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Moscow is Said to Withhold Anti-Air Missiles from Syria
A Kremlin staffer on Friday said Russia has no immediate plans to equip Syria's government with advanced S-300 anti-air systems, even though rebels in the country's civil war are now expected to receive expanded military aid from the United States, RIA Novosti reported.
Presidential aide Yuri Ushakov said “the [S-300] issue has not been raised yet,” and added Moscow is "not competing (with Washington) on Syria."
Israeli Deputy Foreign Minister Zeev Elkin on Wednesday renewed his government's pleading for Russia to abstain from providing Syria with S-300 systems, saying that the air and missile defense technology could be used to target both civilian and military Israeli airplanes, Bloomberg reported.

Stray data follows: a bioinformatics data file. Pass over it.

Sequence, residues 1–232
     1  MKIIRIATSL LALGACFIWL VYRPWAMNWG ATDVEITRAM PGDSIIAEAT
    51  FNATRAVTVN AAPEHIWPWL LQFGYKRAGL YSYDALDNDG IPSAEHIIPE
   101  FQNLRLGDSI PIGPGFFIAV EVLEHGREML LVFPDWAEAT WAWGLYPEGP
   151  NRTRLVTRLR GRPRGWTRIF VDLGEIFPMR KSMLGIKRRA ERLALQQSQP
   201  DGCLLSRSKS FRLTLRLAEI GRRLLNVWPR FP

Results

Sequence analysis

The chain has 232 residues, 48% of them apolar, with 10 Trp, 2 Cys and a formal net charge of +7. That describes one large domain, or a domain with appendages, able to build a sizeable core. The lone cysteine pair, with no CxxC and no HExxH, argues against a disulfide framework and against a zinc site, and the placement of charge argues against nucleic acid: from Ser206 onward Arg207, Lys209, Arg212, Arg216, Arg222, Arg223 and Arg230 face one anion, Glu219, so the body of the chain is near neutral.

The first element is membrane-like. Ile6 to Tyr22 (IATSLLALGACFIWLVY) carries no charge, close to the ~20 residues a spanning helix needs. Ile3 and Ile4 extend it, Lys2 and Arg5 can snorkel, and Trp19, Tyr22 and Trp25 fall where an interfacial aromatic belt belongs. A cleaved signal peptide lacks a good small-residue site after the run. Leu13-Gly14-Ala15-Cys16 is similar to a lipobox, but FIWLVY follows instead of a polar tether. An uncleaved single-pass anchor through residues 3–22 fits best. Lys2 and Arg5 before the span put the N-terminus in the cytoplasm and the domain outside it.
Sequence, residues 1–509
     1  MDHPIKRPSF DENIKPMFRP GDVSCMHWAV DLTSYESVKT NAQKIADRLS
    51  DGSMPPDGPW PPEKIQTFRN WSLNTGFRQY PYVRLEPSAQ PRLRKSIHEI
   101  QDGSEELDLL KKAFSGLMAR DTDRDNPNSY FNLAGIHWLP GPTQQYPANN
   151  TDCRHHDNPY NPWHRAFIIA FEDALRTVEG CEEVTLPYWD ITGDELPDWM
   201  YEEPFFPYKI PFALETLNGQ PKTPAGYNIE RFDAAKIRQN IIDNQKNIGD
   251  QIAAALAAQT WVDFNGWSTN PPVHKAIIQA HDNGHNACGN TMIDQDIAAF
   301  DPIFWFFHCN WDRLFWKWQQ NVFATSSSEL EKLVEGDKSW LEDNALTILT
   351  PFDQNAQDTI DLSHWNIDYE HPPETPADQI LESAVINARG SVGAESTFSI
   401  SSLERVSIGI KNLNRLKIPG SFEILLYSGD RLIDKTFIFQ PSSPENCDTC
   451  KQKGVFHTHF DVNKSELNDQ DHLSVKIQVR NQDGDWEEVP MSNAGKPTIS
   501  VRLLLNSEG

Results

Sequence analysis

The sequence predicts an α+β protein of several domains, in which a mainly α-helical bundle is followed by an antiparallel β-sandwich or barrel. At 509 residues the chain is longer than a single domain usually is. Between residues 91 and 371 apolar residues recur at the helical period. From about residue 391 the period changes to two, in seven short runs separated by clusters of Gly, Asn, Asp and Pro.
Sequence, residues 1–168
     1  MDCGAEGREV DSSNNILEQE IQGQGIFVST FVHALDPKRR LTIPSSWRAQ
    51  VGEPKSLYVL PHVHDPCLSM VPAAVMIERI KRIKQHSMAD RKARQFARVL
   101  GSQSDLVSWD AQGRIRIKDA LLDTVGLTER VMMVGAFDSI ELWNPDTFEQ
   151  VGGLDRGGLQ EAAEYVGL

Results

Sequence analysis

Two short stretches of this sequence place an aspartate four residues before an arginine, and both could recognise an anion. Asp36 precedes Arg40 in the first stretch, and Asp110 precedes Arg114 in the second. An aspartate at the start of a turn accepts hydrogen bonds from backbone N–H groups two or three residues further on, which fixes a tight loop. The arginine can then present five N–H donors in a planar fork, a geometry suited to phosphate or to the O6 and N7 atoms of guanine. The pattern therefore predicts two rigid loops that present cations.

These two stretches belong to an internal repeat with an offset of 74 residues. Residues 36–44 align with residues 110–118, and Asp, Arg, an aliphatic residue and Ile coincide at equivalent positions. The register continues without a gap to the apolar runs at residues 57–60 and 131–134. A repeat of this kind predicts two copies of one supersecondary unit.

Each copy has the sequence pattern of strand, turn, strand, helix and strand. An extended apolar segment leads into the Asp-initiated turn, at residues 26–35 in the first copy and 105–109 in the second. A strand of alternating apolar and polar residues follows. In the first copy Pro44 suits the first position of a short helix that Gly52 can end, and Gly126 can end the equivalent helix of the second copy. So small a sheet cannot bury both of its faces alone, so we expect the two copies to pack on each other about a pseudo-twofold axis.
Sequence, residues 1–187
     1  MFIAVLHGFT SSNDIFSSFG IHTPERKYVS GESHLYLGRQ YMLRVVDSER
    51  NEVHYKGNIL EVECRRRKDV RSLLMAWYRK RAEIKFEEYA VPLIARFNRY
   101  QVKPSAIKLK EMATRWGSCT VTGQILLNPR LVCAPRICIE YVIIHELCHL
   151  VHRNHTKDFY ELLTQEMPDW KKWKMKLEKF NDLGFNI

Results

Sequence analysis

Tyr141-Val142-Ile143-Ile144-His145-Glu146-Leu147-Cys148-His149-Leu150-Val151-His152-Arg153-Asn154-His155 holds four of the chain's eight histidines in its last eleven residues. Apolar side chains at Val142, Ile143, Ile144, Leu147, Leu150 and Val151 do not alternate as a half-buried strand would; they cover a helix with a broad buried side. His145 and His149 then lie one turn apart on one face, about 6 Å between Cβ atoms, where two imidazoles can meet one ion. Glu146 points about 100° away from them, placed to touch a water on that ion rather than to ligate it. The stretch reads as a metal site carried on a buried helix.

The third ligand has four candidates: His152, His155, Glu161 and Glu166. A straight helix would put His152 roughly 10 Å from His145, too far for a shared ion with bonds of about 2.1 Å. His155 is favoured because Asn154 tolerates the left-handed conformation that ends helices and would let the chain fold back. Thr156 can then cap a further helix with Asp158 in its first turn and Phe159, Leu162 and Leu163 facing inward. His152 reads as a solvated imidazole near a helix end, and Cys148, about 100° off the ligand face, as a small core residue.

Jerusalem and Washington have pressed Moscow not to export S-300 batteries to the Bashar Assad regime. The systems were purchased under a weapons contract that predates the early 2011 start of the Syrian civil war, which is estimated to have already killed roughly 93,000 people.
The S-300 can destroy aircraft and some missiles at ranges of up to 125 miles.
"In an unstable situation, you never know whose hands they may end up in," Elkin said, possibly alluding to the Assad regime's close relationship with the extremist group Hezbollah. "The weapons change the rules of the game in the Middle East."
Israel wants, at a minimum, for Russia to put the export of the S-300s on hold "until the situation in Syria clears up," the deputy minister said.
This article provides an overview of Syria's historical and current policies relating to nuclear, chemical, biological and missile proliferation.